The First Thing Your Customers Buy From You Isn’t Your Product

They buy your "communication product" first

Communications Products are the first purchaseLook at any product description on any Web site. Peruse any brochure. You will find a list of features designed to tell you why the product will do the things you need it to do to solve your problem.

They will probably have a check mark next to them.

What you will not find on these lists are features like these:

  • A helpful Web site so you make the right decision
  • Informative reports and white papers offered free of charge
  • An active Facebook page full of the opinions of our users
  • A well-labeled box placed in the right part of the store so you can easily find it

How a product or service communicates is not considered an important feature. This is why marketers — who develop the communication features — struggle to keep their staff and budgets during a downturn. This is why Chief Marketing Officers (CMOs) don’t have a seat at the executive table with the CEO, President, COO and CFO.

To the executives, marketing doesn’t create products or sales. Marketing is a cost.

Prospects actually become customers when they buy your communication products

The first purchase a prospect makes from your company is a communication product. It is the flyer, brochure, Web site, report, article, press announcement, blog post, Webinar, etc. that you provide, ostensibly to help them understand how your product will help them solve a problem or entertain them.

They only occasionally pay with money. More often, they pay with their time, their attention, or their contact information to continue the conversation. Since they don’t pay with money, marketing never shows up on the bottom line. It’s always seen as a cost.

Now, if a customer is satisfied with their "purchase," they become a repeat customer taking more communication products. They also buy your company’s offering — for real money. Sales will get credit for the latter.

The mistake marketers make is creating communication products that are only focused on persuading prospects to buy the money-based products. How would things change if they focused on building great communication products instead?

The New Marketing Department

Imagine a marketing department run like a product development department. How would that change the focus?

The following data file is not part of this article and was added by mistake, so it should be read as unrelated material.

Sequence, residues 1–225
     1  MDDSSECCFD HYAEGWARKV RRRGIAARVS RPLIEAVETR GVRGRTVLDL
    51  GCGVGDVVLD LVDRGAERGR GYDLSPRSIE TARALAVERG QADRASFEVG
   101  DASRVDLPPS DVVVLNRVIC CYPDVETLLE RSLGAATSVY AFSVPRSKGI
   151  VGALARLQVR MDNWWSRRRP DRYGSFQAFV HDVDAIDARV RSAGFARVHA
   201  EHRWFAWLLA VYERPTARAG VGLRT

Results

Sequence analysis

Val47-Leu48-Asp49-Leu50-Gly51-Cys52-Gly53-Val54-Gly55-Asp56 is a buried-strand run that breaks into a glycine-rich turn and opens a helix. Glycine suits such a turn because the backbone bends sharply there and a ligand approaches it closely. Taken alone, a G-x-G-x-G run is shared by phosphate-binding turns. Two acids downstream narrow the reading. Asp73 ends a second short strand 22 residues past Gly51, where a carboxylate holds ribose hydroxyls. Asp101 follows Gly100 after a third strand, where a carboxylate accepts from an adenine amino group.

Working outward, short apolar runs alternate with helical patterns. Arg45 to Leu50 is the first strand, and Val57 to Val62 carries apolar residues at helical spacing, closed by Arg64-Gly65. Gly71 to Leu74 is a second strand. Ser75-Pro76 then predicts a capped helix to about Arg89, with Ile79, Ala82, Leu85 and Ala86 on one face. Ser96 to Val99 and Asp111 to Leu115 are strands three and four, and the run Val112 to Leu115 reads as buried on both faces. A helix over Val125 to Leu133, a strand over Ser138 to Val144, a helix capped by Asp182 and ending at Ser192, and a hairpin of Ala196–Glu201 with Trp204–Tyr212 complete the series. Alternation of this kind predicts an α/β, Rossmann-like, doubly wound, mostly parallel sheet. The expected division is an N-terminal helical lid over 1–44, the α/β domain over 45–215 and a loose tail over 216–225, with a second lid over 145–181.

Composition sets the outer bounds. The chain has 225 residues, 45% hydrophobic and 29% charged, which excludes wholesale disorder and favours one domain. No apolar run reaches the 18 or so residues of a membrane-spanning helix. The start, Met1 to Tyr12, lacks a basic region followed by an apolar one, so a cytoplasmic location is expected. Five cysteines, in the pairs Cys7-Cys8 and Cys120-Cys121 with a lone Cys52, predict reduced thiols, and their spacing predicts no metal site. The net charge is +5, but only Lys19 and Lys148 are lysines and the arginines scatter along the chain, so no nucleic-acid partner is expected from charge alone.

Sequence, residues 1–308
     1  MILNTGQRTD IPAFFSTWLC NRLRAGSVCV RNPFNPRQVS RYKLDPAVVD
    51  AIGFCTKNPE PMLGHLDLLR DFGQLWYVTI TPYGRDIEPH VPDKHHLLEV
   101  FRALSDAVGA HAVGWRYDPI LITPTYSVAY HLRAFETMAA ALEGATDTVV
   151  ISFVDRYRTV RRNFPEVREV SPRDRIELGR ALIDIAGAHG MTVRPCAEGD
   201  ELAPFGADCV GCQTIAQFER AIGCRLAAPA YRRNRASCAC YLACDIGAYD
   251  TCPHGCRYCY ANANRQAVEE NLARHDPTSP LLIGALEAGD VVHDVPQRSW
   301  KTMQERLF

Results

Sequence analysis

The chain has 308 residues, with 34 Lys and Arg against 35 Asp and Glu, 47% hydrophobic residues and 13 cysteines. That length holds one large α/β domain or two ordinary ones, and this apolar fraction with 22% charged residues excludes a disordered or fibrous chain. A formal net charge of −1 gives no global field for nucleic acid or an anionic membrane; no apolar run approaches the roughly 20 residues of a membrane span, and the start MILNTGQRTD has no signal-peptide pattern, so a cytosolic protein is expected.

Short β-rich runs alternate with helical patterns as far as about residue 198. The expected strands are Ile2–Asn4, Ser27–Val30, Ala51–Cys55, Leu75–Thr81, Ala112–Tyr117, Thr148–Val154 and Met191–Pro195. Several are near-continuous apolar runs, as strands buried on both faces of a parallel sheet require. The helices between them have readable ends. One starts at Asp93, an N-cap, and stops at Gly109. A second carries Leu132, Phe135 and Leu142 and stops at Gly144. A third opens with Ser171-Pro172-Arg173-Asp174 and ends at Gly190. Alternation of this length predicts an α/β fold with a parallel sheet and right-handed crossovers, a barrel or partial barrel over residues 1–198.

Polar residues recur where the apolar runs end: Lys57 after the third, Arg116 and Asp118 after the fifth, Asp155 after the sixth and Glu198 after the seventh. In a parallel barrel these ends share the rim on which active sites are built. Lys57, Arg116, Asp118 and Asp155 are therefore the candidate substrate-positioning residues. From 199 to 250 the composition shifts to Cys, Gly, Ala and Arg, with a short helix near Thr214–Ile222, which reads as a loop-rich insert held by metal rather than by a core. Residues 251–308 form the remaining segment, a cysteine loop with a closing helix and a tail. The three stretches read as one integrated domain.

Marketing Department Communications Products Department

Develops campaigns

Develops products that communicate (educate, inform and entertain)

Creates promotional content

Creates relevant, educational, or entertaining content

Targets product users

Targets influencers, approvers and gatekeepers as well as product users

Watches marketing metrics and buzz

Watches time spent with the "products," customer satisfaction, repeat "buys"

Has a Web site

Provides online services to help prospects solve their problems

Creates a competitive matrix

Creates better communications products than competitors (who are stuck with a marketing department)

Prepares "messaging" and approved copy matrices

Discovers new ways to help their communications product customers

Stays "on brand"

Improves the brand with great communication experiences

Bases budgets on the cost of campaigns

Bases budgets on the feature set needed to win in the communications marketplace

Builds brand with frequency and relevance

Builds brand by frequently helping prospects find information they are looking for

Segments the marketplace and creates targeted messages for each segment

Creates buyer personas for their communication products, and then delivers the products that serve them

This list could go on. What would you add? Tell us in the comments.

I’ll be talking about how buyer personas drive bigger marketing budgets at ProductCamp Austin on Saturday, August 15. Come out and let’s talk about great communications products.

Photo courtesy

Categories: Marketing Strategy